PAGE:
comments (0)
10/11/09
Presentations. Impact of certain words.
Filed under: Interviewing, First Year on Job, Leadership, Mature professionals, Legal matters
Posted by: site admin @ 6:11 pm

Last week at NERM (Undergraduate
and
Graduate student) career
workshops S. Sobolov
talked about
the many things speakers need to
be
aware of and practice in giving
technical and
management
presentations.  Her presentation

is one that sets these workshops
from many you
will find on
Chemistry Careers.


One concept she spoke about is the
impact of
certain specific words in
presentations (and also

negotiations and in interviews):

But:  ‘You presented the results
clearly,
but
     The “but” inverts the positive
element of the
first clause.  Use
another word like
   and … , or

   insert a period creating a short
sentence and
offer words of
consideration, need to meet
commitments, or complete projects.

Recently T. Jarvis authored a nice
article about
the impact of specific
words we might use. 
Highlighting
two,


Speaking with boss:
They do not know what they are
doing ….
.’  He offers Robert Reich
and Al Gore as
sources indicating
that it would be better
to have the
speaker accept part of the negative

element.  This way they can be
viewed as
contributing to the
solution(s).

We could do better in doing
[whatever is
the subject] if we ….
[then offer suggestions]

Don’t just come in with a problem
Come
in with solutions or
suggestions of solutions.


Offering your suggestions or
opinions
:  Instead of labeling others’
approaches
negatively, cite the
impact of others’ approaches
.
The Jarvis article used Pres. Obama’s
police action prejudicial statement
’stupid
‘ as inflaming a situation rather
than being
helpful.

1 comment
10/06/09
Mid-Career management requirements
Filed under: Interviewing, Leadership, Mature professionals
Posted by: site admin @ 6:20 am

What are some management skills hiring employers
seek in candidates?  The NYTImes “Corner Office
column interviewed a CEO who provided tips on
what one leader looks for in candidates:

 - looks at set-backs or problems as opportunities
 - defines longer term goals for your career
 - seeks and explores different perspectives
about the company business, especially from
within (Ms. Lyne ‘books’ 2 hours a week to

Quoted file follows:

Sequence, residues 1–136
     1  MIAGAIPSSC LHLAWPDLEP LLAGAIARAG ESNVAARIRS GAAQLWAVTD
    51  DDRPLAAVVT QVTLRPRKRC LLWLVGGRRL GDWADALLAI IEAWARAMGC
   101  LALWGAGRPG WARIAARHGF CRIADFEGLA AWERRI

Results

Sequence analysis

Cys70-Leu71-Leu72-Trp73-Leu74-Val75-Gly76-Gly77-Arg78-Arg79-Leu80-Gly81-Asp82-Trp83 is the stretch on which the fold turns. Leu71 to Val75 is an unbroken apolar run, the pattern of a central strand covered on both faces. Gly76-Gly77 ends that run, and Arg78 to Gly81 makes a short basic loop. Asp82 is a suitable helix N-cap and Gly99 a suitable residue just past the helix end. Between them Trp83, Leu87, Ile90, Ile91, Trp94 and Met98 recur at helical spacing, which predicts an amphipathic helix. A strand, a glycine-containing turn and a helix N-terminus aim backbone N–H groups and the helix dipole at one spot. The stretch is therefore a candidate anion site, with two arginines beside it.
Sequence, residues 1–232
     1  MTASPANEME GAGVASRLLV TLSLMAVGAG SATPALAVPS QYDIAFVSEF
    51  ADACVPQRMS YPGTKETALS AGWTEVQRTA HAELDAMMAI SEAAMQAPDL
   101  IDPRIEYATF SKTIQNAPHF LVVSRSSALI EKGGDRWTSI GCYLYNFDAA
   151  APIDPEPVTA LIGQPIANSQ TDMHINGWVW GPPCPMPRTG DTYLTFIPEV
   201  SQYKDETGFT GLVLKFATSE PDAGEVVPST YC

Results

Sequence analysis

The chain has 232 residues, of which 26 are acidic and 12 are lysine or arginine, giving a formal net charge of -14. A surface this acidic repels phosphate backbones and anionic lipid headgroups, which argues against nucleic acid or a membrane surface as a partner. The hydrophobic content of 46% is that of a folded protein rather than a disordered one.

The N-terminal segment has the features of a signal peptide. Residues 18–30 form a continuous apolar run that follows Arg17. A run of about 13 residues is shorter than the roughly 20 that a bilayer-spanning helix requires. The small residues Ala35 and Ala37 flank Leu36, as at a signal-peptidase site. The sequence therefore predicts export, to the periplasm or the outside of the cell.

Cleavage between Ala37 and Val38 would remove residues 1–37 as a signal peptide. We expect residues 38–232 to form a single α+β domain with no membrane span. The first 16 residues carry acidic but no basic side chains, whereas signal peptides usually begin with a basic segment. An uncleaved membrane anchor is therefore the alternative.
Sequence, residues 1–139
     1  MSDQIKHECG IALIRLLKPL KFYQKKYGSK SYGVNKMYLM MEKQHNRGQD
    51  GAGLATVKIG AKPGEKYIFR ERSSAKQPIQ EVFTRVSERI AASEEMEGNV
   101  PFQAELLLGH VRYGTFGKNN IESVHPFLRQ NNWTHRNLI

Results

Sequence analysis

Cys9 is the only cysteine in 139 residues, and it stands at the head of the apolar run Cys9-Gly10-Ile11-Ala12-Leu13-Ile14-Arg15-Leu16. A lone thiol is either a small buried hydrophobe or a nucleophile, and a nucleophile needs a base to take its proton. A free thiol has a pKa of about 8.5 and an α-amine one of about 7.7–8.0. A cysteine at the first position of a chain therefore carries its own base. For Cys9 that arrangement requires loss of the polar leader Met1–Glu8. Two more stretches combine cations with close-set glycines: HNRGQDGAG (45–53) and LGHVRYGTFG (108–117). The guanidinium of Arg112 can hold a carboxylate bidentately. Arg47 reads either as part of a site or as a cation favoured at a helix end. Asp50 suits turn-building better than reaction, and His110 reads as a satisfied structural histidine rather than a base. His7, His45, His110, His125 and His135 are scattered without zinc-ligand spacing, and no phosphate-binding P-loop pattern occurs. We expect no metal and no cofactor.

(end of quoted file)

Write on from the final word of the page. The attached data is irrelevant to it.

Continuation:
meet with anyone who wants to speak with
her.)
 - acts as an exceptional co-worker
 - knows how to handle challenges, providing
information on your style
 - since humans make mistakes, is able to
describe mistakes (and admit them) and offers
how you handled correcting them
 - what do you look for in a team and how
do you motivate the team members
 - describes situations where you have
worked outside of your department and
division to get things done.

The Susan Lyne interview was thoughtful.

comments (0)
10/03/09
Careers away from the bench AFTB
Filed under: Position Searching, Networking
Posted by: site admin @ 12:18 pm

Think I will adopt this nice phrase and
acromym
“AFTB Careers”– “Away from
the bench”
Careers initiated by Brianna
Blaser.  The term applies
for all degree
level chemists.


Her talk 1 offers a discussion contrasting
bench, plant and AFTB roles.  I also like

the “decision cycle” that she attributes
to Carney and
Wells, as it has more
descriptive  terms for the
decision 
process than a P-D-C-A (Plan-Do-Check
-Act) cycle.  The Carney decision tool
includes:

 Awareness
 Self-assessment
 Exploration  [Info interviews]
 Integration  [Resumes]
 Commitment  [Training, volunteering, etc.]
 Implementation  [Interviewing]
 Re-Evaluation

1 comment
Reference. What you can do when reference refuses.
Filed under: Position Searching, Public Relations docs, Mature professionals, Legal matters
Posted by: site admin @ 6:05 am

While it may not happen to most or
even come
to mind, situations can
sometimes result in totally
no
response from all company references
for
an individual who has left a position.

A. Skover has described a thoughtful
and “high-road”
method, described next. 
My additional thought is
to seek out
other respected employees, perhaps

at your same level, who can write a
reference.


Sklover’s three step method includes:
1.  write a “150% reasonable, pleasant,
respectful,
concise and clear [request
for letter of reference]

 - send it … using Fedex, or email, or
both.”

 - ask for verification of reply

2.  “if not met within 2 or 3 weeks,
send a second letter,
just as respectful,
reasonable and clear,…, reminding her

of the terrible consequences to you. 
Politely suggest you
[may need to]
bring this up with the Board of Directors…”

 - Fedex, email
 - verification request

3. “if these still don’t work, write a
letter to each of the
Board of Directors,
setting forth what happened,
attaching
both letters, and asking them to intervene.

 - respectful, and deferential
 - consequences to your career, livelihood
and reputation

 - Fedex

comments (0)